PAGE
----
Horrible Bosses (2011)
Horrible Bosses (2011)

Genre: Comedy Running Time: 1 hr. 40 min.

Release Date: June 8th, 2011 MPAA Rating: R

Director: Seth Gordon Actors: Jason Bateman, Charlie Day, Jason Sudeikis, Kevin Spacey, Jennifer Aniston, Colin Farrell, Jamie Foxx, Julie Bowen, Donald Sutherland




satisfyingly humorous premise and likeable characters keeps “Horrible Bosses” entertaining for an admirable stretch of the picture, but the energy and hilarity steadily run out as the film barrels towards the expected conclusion. The comedy elements do succeed thanks to the variety and timing of the talent at hand, though the styles of the three leading men tend to clash more often than they derive exponentially funnier gags. The “horrible bosses” also start with evil exuberance, but their potential feels squandered. Regardless of its shortcomings, fans of any of the primary actors won’t be disappointed to see them revel in a diverse mix of verbal, physical, and situational comedy complemented by the refreshing role-reversals of many of the supporting characters.

Nick (Jason Bateman) hates his deceptive, manipulative boss Dave (Kevin Spacey). Kurt (Jason Sudeikis) abhors his selfish, immoral manager Bobby (Colin Farrell), and Dale (Charlie Day) loathes Julia (Jennifer Aniston), his superior who delights in sexually harassing him. When the three friends reach their breaking points, they decide to remove their terrible bosses permanently. Hiring shady “murder consultant” Dean “MF” Jones (Jamie Foxx), the trio plans to kill each other’s employers to avoid any traces back to their respective subordinates – but the unprepared friends quickly find their scheme falling apart.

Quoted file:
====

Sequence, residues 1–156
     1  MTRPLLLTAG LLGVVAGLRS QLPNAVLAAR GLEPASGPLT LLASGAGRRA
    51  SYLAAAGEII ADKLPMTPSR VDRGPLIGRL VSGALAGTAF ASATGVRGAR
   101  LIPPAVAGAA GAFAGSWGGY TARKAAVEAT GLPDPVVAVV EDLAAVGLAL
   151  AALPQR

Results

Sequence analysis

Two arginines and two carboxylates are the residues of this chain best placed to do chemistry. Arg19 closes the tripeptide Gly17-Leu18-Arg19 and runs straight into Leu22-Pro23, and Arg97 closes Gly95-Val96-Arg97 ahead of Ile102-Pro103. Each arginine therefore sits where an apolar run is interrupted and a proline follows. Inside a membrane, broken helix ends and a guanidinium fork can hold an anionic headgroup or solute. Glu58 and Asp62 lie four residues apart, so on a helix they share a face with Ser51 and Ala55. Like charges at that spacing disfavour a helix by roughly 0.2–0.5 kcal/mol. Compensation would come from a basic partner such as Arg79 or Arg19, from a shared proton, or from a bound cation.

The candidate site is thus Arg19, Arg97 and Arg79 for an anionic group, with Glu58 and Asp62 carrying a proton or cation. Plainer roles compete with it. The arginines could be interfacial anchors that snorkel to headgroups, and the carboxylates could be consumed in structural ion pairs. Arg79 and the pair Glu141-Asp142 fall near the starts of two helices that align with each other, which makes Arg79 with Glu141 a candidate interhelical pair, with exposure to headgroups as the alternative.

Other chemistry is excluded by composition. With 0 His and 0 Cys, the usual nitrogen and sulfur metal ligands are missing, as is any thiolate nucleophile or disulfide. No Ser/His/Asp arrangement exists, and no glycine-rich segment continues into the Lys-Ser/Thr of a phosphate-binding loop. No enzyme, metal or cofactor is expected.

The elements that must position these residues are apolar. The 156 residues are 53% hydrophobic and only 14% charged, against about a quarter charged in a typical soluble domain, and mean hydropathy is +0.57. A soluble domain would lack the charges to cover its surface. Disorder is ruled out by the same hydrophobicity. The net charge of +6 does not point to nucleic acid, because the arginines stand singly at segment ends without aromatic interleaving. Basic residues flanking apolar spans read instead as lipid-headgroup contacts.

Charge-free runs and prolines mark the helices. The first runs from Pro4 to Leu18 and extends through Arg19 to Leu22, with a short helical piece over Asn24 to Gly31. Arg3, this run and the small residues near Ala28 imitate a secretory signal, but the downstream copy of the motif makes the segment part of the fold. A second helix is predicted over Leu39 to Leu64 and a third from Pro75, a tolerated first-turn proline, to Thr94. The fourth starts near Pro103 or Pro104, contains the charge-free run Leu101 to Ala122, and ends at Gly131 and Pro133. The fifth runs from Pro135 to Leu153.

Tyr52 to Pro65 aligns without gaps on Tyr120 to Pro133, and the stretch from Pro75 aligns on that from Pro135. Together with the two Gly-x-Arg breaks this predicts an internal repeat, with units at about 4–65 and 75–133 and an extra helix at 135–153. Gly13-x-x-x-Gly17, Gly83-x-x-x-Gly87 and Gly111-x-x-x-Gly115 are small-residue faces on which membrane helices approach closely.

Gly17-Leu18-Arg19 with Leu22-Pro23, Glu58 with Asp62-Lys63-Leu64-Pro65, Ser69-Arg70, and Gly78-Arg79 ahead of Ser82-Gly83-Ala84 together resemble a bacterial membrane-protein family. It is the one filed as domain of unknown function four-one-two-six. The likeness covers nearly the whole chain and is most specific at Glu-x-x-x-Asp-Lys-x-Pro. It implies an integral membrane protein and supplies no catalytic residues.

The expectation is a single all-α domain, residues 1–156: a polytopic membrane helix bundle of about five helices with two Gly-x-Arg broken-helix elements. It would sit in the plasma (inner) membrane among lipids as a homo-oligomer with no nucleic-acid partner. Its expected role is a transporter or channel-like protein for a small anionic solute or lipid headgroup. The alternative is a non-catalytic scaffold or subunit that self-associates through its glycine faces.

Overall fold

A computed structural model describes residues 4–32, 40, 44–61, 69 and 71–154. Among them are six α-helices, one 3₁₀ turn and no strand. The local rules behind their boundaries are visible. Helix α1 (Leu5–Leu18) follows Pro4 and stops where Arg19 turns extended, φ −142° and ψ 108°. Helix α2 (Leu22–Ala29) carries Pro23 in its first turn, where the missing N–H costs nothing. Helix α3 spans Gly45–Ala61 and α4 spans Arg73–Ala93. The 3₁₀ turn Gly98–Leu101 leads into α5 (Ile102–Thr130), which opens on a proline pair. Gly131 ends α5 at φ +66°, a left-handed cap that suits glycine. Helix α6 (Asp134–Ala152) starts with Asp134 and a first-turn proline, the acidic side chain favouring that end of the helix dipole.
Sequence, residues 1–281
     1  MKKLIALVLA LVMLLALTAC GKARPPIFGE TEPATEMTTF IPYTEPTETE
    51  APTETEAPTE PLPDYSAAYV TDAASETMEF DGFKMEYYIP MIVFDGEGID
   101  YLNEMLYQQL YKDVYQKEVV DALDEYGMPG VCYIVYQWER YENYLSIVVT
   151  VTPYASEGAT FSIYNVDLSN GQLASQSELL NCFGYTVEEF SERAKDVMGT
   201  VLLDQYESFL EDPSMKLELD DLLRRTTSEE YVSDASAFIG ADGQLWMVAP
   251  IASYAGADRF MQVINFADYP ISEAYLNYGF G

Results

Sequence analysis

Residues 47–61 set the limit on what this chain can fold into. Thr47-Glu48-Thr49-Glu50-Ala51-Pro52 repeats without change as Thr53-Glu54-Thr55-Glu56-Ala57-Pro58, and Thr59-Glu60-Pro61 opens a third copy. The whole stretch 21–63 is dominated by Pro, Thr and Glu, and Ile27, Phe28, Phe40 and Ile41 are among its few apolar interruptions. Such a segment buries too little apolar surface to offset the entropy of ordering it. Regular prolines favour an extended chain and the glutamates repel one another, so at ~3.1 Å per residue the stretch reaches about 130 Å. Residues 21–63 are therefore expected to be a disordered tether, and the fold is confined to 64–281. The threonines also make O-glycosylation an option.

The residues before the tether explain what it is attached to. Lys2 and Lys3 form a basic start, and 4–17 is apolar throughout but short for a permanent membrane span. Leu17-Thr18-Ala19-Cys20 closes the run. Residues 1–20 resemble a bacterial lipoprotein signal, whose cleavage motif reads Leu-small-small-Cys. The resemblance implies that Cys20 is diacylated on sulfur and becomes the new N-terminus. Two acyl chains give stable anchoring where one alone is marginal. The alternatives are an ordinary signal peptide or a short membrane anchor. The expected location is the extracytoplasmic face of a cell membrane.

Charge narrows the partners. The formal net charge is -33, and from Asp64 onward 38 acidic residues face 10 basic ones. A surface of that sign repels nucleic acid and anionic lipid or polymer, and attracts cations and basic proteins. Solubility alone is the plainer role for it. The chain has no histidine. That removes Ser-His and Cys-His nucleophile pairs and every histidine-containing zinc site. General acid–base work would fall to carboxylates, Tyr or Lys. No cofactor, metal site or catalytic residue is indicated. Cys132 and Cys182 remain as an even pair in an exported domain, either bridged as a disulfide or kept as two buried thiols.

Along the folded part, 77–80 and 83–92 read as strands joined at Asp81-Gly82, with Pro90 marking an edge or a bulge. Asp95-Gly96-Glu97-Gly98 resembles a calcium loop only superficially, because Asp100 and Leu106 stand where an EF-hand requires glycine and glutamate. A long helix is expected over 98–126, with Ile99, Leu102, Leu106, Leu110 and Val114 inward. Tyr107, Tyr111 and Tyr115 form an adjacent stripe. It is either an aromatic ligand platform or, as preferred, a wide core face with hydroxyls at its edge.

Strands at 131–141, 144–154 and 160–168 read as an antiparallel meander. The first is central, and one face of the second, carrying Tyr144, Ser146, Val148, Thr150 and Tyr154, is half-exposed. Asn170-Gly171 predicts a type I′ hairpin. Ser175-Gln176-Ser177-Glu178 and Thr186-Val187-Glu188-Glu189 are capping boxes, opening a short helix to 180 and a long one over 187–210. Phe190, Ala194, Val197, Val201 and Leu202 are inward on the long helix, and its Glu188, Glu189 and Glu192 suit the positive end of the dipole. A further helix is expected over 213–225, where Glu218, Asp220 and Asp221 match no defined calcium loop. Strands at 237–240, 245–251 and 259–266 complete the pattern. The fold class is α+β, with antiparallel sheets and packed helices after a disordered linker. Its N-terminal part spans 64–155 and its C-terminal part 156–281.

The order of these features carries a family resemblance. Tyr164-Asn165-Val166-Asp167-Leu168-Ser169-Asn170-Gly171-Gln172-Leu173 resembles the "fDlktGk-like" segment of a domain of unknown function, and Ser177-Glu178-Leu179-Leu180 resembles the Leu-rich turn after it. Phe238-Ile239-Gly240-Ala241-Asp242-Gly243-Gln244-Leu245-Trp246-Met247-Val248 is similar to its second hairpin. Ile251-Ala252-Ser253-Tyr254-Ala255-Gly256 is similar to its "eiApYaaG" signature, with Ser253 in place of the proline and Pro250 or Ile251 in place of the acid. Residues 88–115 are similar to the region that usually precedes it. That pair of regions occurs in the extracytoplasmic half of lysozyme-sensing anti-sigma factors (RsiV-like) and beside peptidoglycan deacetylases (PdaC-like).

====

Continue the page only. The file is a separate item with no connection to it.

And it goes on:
When a film takes a serious idea, such as murdering despicable employers, and depicts the ordeal as outrageously farcical, it’s best not to call attention to realism. At one point, Dale talks his way out of a precarious police situation by discussing technical aspects of the law – educated by what he witnessed on “Law and Order.” In the following scene, however, the cops do the exact opposite of what procedure would have dictated, had they been genuine officers from the aforementioned popular TV show. Considering much of “Horrible Bosses” is purely fictional, goofy hijinks, it could have been easily dismissed had it not been for Dale’s explanation. If the outcome is going to be anything but realistic, why define these characters in the real world of DNA evidence collecting, arrests, and consequences?

Fortunately, the basic plot is just clever enough to win over the few missteps and failed points of execution (including voiceover narration by all three leads). The motive is universally understandable and relatable – a plot ripe for situational buffoonery. The simple solution of finding a new job is quickly dismissed thanks to a crass joke, failing to locate a hitman for the mission is particularly amusing, and watching the ineptitude exhibited by the three half-wits reveals plenty of opportunity for laughs.

Jason Bateman yet again plays the straight man that garners chuckles for being the voice of reason; Charlie Day is the loose cannon that is over-the-top and dramatically hysterical (playing Dale exactly as he plays Charlie on “It’s Always Sunny in Philadelphia” – a casting decision presumably based entirely on that role); and Jason Sudeikis is the dispensable additive to balance out a comedic threesome – increasing the number of bosses positively, but sadly not adding much to the protagonist formula. Jennifer Aniston is the highlight of the film, cast against type and considerably enjoying a chance to be raunchy, naughty, and bawdy, while still providing laugh-out-loud moments and the means for an emphatic, satisfactory conclusion. It’s not high art, nor does it possess the sharp wit of “Duckman” (writer Michael Markowitz’ most stimulating TV series), but it’s a decent way to spend a couple of hours.

– The Massie Twins

  • 7/10